A heavy downpour traps both men in the house overnight, but the following morning Cally rises to discover that Stone has taken some supplies and departed. She catches him up before he gets too far, his way out having been barred by the snarling, barking Shep. Reluctantly, Cally agrees to show him the way, but warns that it usually takes days for the water levels to subside to a navigable level in the pass that is the only route in and out of this region. After aggressively trying it on with a thankfully resistant Cally, Stone heads off anyway, only to end up slipping and falling into a raging river and subsequently returning to the relative safety of the farm. As Stone questions Cally’s seemingly enforced isolation and Cally takes an interest in this apparently dangerous stranger, the truth about his crime and Munson’s two-year pursuit of him starts to emerge.

If you find yourself questioning the noir credentials of the first two films in this set, wait until you get to A Bullet is Waiting. For a start, it’s in colour, and while there are colour films that earn their noir classification, they are in a minority and tend to compensate for the lack of those signature monochrome visuals through the darkness of their plot, tone and characters. Roger Ebert nailed it nicely when he drew up a list of the defining elements of film noir and included, “Movies either shot in black and white, or feeling like they were.” That’s never the case with A Bullet is Waiting, which visually has the look and feel of a 1950s western. I would even argue that it plays a bit like one, right down to the role played by the landscape, the farmhouse location, the clothing worn by the main characters, and a plot involving a sheriff and his prisoner that climaxes in a shootout. On the commentary track, Kim Newman notes that some people misremember the film as a western. Frankly, I’m not surprised.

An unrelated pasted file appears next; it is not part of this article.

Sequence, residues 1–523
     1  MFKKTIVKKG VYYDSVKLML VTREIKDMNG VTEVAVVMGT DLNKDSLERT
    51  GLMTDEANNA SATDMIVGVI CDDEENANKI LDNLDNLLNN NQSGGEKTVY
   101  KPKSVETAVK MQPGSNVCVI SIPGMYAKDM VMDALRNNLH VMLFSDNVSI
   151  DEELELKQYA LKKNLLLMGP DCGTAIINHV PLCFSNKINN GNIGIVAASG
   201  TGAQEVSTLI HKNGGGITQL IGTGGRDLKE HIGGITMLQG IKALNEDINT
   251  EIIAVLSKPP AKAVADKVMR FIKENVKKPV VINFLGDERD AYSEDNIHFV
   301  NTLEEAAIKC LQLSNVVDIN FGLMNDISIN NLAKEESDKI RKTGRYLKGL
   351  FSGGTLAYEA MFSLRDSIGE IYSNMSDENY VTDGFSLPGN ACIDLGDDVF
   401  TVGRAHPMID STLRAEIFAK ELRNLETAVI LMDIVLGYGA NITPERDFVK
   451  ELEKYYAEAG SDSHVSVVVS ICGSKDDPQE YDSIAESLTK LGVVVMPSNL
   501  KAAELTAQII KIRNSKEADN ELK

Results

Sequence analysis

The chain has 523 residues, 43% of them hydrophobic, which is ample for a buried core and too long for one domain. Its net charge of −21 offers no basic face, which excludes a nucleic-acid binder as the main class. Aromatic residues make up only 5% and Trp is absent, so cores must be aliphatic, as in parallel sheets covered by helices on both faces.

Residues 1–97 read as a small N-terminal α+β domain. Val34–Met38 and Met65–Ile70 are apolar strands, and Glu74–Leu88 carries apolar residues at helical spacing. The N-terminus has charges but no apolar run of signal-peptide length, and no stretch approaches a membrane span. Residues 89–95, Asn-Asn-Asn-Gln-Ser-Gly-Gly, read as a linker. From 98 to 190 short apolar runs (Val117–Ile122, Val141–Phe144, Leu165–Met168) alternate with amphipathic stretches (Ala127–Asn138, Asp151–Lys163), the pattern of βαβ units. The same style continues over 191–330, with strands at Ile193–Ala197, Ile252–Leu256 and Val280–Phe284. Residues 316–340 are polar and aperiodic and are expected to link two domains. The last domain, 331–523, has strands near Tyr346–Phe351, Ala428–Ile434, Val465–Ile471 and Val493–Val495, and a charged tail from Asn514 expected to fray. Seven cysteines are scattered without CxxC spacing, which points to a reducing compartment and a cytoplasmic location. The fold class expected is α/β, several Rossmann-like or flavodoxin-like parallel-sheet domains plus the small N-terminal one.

Cally and Stone begin to bond